That was not to be! Having just gone through the roughest section of the bike course (and uphill) I was picking up pace on a downhill when I fell forward and left over the bars. Somehow I managed to maintain my balance and gain control…WTF just happened! I quickly realised my left TT arm rest had fallen off! (No idea where it went!) But as I had stayed on the bike, I continued on with no TT/Aero position for the last 70kms (35ks into a headwind!), a big slowdown in bike speed and fears of bigger problems or gear failure.
Onwards to Reporoa and another big lift there when I saw Bron, the girls, my parents and Clarky. I pulled over and showed Clarky and Bron the bike issue and I think I mentioned I was certainly getting “bang for my buck” on the bike course given my time!!
About 145-150kms in, I was struggling, the bike was rattling and my feet were sore and burning.. despite my sparkly shoes! I needed something to give me a boost. I thought of an old school mate Stefan, who recently died after a second bout of cancer (brain this time). I often thought of him when I cycled. Over the years he would flick me a message after completing a Half IM and when he didn’t reply to a message late last year, I knew things weren’t good. He passed away not long after his birthday earlier this year.. a good man gone way too soon.
It worked and Stefan got me through to the next station where I stopped/stretched, had a banana, chatted to the volunteers – most as young as I was when I worked the event in St Heliers. I thanked them all and away I went – Stefan still on my mind – what he would give to be out on his bike now. ‘Suck it up. Scott suck it up!’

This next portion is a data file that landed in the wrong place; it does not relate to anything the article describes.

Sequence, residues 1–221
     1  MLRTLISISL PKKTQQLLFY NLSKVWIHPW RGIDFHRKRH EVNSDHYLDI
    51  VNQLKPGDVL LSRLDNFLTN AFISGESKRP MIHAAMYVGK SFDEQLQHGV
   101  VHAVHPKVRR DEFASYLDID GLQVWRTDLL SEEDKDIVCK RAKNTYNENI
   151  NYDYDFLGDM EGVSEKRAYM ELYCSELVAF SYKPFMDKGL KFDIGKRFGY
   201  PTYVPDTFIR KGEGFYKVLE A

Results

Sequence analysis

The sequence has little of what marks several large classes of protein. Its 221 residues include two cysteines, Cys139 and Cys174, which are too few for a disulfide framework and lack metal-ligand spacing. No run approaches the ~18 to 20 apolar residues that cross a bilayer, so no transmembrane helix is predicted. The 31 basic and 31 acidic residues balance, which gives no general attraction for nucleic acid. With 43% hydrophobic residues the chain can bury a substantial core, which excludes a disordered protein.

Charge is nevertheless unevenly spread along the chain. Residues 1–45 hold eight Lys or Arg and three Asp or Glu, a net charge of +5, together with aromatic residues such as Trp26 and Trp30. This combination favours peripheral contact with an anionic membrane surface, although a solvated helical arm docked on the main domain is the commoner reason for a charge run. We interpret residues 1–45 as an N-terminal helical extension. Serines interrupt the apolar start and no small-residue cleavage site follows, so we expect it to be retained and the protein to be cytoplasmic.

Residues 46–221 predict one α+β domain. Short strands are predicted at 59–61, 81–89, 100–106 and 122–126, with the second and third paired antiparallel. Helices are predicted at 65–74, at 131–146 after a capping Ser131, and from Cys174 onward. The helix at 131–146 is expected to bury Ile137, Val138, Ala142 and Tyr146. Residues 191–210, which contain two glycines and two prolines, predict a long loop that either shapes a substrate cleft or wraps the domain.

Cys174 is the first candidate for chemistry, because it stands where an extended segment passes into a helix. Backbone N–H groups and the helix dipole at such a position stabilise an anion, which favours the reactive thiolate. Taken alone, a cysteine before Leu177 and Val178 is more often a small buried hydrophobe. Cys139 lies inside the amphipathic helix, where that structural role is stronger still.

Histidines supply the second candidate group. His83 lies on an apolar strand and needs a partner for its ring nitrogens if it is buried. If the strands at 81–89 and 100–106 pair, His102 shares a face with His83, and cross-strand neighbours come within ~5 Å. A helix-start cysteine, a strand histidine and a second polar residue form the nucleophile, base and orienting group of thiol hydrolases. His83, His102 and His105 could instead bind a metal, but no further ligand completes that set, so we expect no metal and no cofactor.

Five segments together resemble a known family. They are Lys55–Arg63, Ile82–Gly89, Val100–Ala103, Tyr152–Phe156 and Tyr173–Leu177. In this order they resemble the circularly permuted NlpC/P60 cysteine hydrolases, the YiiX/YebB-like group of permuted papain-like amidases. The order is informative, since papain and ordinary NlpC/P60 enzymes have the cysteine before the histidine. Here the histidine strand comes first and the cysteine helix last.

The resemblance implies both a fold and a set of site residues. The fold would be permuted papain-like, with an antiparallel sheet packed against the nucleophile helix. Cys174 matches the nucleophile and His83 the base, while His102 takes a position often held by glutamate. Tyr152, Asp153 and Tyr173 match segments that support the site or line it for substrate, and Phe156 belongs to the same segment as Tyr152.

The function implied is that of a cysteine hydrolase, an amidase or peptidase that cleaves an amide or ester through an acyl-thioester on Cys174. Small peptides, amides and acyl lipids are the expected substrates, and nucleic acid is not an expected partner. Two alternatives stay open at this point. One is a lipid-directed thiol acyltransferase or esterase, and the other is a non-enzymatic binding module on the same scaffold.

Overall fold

I finally got to the Bruce McLaren Motorsport Park and then it was downhill or flat from there. I’m still riding slow, praying the bloody bike would hold it together .. and no punctures!
The sense of relief as I dismounted at T2 was immense! No cramping.. thanks to the second bottle of Pickle Juice and in one piece! Time check – 7:47 ! Horrendous but no surprise given I was averaging 20km/h for the last 70ks.
Another long transition and change of kit. The new 2XU Nuna suit made its debut – which poor Dom had to move heaven and earth to have couriered to me in Auckland, after 2XU dropped the ball! I got a volunteer to apply “a little bit” of sunscreen – completely unaware (until I saw photos) she lathered it like I was about to set off to cross the Sahara in the blazing sun!!
I took off feeling okay and was so f*cking glad I was off the bike! 2kms in, along the Taupo lakefront, I was beaming from ear to ear and chuckling to myself! “This is it. I’m going to do this! I feel strong and know I will be getting my Finishers medal – barring being struck by lightening or blowing an Achilles – it’s just a matter of time. I am in my element!”, were my thoughts.
The run is the best leg in Taupo. It’s three loops along the lakefront, out of town and back. Music was blaring, people were cheering and kids were offering high fives. My support crew were split across the run course. With brother Matt and his partner Debs on the outskirts of town with Clarky in about the same spot. Bron and the girls were a bit further down at the top of the driveway to the house we had hired, and Mum and Dad, and my other brother Brent and his family were a bit further down again. I got a huge lift seeing Bron and the girls and at some point I did a dance for them to the music that’s blaring from someone’s house. And so this continued for the next few hours. Day turned into night but support and encouragement from complete strangers continued. Back into Taupo, the crowds got bigger and the music and announcing from the finishing line enticed us.